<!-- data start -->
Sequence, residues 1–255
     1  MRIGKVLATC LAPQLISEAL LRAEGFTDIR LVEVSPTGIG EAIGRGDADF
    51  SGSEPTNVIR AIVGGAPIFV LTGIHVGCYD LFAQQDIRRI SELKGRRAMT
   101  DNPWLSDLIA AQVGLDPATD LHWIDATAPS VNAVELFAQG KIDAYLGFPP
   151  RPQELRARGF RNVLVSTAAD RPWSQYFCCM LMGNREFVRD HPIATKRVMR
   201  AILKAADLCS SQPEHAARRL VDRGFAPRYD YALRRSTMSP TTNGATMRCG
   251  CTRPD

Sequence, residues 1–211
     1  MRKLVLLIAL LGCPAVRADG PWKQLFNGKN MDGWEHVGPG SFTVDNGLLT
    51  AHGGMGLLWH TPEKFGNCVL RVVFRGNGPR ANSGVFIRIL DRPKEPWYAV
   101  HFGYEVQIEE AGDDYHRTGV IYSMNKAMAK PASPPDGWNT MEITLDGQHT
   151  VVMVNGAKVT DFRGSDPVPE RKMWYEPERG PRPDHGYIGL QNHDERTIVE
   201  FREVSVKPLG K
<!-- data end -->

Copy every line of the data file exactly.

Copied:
Sequence, residues 1–255
     1  MRIGKVLATC LAPQLISEAL LRAEGFTDIR LVEVSPTGIG EAIGRGDADF
    51  SGSEPTNVIR AIVGGAPIFV LTGIHVGCYD LFAQQDIRRI SELKGRRAMT
   101  DNPWLSDLIA AQVGLDPATD LHWIDATAPS VNAVELFAQG KIDAYLGFPP
   151  RPQELRARGF RNVLVSTAAD RPWSQYFCCM LMGNREFVRD HPIATKRVMR
   201  AILKAADLCS SQPEHAARRL VDRGFAPRYD YALRRSTMSP TTNGATMRCG
   251  CTRPD

Sequence, residues 1–211
     1  MRKLVLLIAL LGCPAVRADG PWKQLFNGKN MDGWEHVGPG SFTVDNGLLT
    51  AHGGMGLLWH TPEKFGNCVL RVVFRGNGPR ANSGVFIRIL DRPKEPWYAV
   101  HFGYEVQIEE AGDDYHRTGV IYSMNKAMAK PASPPDGWNT MEITLDGQHT
   151  VVMVNGAKVT DFRGSDPVPE RKMWYEPERG PRPDHGYIGL QNHDERTIVE
   201  FREVSVKPLG K